When I bought my first property, I was fortunate to be given the opportunity to purchase a property that had a long history and had been neglected for many years. I was not a landscape designer at the time, but from the beginning I had difficulty with the idea that I “owned” this property, that it was “mine”. The concept of property ownership is a construct created centuries ago to solidify economic power and drive an economic engine. This property was there long before me and would be there long after I was gone. I was merely the current steward, the one paying off the bank, negotiating with a municipality and making decisions that would affect the future of the land. I felt a responsibility to care for it. It had a story to tell, and I was writing the next chapter. It was the beginning of my understanding of the concept of stewardship.
My journey in understanding stewardship was a combination of my training as a massage therapist and my training in landscape design. When I was studying Shiatsu (a Japanese massage technique), I learned the Eastern approach to health and treatment, which is holistic, seeing the interconnectedness of a person and a problem. The Western approach is more linear, treating the symptom without understanding the complex pattern of connections that led to the problem and the full range of repercussions of the solutions. When studying sustainable landscape management, I learned a similar approach to solving problems, seeing all the avenues of causation and the repercussions of the design and management choices. I began to refer to the process as holistic problem solving and since then I have been seeing holistic landscape design become a phrase used in conversations, articles, and academic training. I believe holistic problem solving is the methodology of stewardship.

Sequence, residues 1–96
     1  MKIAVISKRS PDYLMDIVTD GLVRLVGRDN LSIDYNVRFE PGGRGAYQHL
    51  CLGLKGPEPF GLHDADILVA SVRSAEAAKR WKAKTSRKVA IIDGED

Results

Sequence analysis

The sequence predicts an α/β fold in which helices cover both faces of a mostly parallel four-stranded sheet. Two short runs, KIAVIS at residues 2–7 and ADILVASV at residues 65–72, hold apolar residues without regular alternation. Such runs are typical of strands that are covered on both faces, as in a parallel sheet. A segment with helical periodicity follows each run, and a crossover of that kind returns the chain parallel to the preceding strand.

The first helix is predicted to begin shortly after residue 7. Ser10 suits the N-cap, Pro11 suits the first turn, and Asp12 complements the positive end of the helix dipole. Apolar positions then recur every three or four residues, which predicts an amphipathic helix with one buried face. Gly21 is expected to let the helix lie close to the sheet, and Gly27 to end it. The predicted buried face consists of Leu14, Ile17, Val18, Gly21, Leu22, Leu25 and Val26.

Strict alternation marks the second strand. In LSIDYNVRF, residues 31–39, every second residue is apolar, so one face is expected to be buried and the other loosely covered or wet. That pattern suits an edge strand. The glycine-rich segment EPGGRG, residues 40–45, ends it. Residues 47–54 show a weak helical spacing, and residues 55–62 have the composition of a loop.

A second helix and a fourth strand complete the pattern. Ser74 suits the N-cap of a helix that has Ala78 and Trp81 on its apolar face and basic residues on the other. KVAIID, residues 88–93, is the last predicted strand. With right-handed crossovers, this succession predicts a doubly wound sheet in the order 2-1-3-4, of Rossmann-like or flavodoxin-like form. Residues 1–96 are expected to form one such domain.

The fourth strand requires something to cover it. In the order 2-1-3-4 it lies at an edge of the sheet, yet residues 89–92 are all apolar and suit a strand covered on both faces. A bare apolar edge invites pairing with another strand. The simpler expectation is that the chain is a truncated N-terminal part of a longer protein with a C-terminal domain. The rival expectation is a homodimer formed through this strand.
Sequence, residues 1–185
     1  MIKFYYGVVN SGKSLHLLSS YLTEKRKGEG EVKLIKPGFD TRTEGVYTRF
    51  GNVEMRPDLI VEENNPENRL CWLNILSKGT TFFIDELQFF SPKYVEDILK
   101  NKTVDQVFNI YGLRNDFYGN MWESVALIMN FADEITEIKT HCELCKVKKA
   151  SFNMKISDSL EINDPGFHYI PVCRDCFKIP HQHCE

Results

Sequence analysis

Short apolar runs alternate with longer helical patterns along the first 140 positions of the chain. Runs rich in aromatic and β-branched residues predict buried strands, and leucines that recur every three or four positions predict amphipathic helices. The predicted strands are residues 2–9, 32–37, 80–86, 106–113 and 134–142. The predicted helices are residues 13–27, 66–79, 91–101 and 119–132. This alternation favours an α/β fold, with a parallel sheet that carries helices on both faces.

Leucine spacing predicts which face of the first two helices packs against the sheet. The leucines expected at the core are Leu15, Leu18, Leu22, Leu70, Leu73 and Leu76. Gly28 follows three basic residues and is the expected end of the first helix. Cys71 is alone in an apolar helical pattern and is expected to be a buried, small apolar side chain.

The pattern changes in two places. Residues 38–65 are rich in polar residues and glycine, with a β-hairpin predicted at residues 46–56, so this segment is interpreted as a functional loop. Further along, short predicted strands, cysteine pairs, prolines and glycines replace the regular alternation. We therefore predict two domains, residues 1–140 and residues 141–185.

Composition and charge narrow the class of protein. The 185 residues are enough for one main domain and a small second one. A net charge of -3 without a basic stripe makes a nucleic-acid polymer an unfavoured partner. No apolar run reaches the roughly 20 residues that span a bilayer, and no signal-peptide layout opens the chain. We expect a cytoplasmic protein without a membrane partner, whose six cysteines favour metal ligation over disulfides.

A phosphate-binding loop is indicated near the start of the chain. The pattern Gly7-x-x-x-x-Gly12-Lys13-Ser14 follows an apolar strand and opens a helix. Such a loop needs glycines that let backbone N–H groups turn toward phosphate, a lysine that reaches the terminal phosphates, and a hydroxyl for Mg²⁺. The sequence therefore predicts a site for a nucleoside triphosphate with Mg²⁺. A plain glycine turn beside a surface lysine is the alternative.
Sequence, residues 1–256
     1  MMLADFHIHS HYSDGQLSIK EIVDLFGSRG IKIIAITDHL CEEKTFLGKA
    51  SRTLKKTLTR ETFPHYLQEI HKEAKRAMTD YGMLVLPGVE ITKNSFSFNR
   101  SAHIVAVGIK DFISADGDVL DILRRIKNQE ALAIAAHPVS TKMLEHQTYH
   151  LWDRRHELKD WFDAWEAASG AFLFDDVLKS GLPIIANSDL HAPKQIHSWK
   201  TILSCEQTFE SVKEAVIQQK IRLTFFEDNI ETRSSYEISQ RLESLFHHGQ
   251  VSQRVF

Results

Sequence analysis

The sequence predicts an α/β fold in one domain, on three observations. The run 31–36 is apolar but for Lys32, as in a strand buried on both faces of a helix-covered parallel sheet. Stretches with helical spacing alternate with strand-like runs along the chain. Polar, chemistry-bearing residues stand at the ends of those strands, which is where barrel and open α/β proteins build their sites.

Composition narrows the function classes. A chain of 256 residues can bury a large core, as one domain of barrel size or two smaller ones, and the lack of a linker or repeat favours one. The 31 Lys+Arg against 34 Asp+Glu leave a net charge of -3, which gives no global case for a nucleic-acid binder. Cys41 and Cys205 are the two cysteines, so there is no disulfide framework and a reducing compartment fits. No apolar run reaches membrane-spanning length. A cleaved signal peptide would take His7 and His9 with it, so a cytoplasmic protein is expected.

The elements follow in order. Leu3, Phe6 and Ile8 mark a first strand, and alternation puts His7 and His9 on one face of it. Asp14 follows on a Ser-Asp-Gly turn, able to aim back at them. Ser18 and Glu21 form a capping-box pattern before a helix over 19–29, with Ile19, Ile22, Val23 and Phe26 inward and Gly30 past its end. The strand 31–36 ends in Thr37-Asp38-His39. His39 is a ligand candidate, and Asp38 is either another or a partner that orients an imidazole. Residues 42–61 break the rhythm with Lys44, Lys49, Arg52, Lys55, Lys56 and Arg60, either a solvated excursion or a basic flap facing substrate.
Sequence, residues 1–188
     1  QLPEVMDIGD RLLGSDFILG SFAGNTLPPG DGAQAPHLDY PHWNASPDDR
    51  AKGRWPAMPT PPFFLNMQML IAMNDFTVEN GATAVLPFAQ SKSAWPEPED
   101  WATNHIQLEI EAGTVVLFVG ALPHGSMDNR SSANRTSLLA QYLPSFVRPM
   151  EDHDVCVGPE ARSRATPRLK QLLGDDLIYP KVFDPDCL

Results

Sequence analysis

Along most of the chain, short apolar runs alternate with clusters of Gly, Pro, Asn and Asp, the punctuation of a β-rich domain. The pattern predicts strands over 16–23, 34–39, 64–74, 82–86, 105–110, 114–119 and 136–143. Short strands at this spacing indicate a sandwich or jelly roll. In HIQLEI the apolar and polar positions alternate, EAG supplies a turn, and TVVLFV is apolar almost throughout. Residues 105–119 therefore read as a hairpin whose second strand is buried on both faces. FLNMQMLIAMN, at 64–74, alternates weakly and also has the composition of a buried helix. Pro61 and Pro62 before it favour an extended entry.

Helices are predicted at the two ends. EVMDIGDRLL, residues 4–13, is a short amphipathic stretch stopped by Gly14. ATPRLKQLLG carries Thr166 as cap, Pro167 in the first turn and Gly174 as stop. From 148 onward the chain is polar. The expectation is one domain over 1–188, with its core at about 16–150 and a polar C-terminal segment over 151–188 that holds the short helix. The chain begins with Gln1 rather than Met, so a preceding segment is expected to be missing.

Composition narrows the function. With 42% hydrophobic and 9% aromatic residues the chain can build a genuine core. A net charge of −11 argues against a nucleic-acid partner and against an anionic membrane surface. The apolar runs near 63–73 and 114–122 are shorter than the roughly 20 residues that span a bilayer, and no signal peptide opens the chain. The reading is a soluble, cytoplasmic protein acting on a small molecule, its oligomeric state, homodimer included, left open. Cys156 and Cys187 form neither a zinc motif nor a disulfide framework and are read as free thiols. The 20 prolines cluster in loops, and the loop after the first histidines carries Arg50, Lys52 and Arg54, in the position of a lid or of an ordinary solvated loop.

Paper Pulp containers replace plastic ones at Portland Ave Nursery in Tacoma, WA
Photo Credit: Author
As designers, we have the opportunity to be the influencers of what is to come, how people will interact with the environment, their community and the economy, the three pillars of sustainability. We are already familiar with a design process that looks at all the factors that influence our choices, water, soil, sun, wind, temperature ranges as well as functional parameters and budget. Commitment to the environment is part of the APLD Code of Ethics and asks that we “utilize professional knowledge and skills for the greatest good of the project site, the surrounding community and the environment as a whole”. The shift I am looking for is in the intent, the anchor that guides the design. In order to design for a changing climate, we need to guide our clients in the direction of stewardship so that they understand the full range of their choices and the consequences. Holistic analysis and solution crafting can solve multiple problems at once, reduce the impact on the environment, support community development and interaction, as well as be economically sound. That is why I use the language of stewardship in all my client discussions, from, plant and material choices, functionality, construction techniques and maintenance strategies to the impact those choices have on the environment, our social interactions, and our economy.
Many projects in our area require breaking up existing concrete. Here is a concrete rubble gabion bench as a solution to putting the concrete in a landfill.
Photo Credit: Author
We are at a critical time for the environment, our social systems, and our economic systems. I believe the only way forward is to become better stewards of all of these and the way to become better stewards is to take responsibility for our choices. We can craft solutions that are holistic, that consider the full range of cause and effect over time, leaving the world a better place than how we find it.
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Photo credit: APLD.org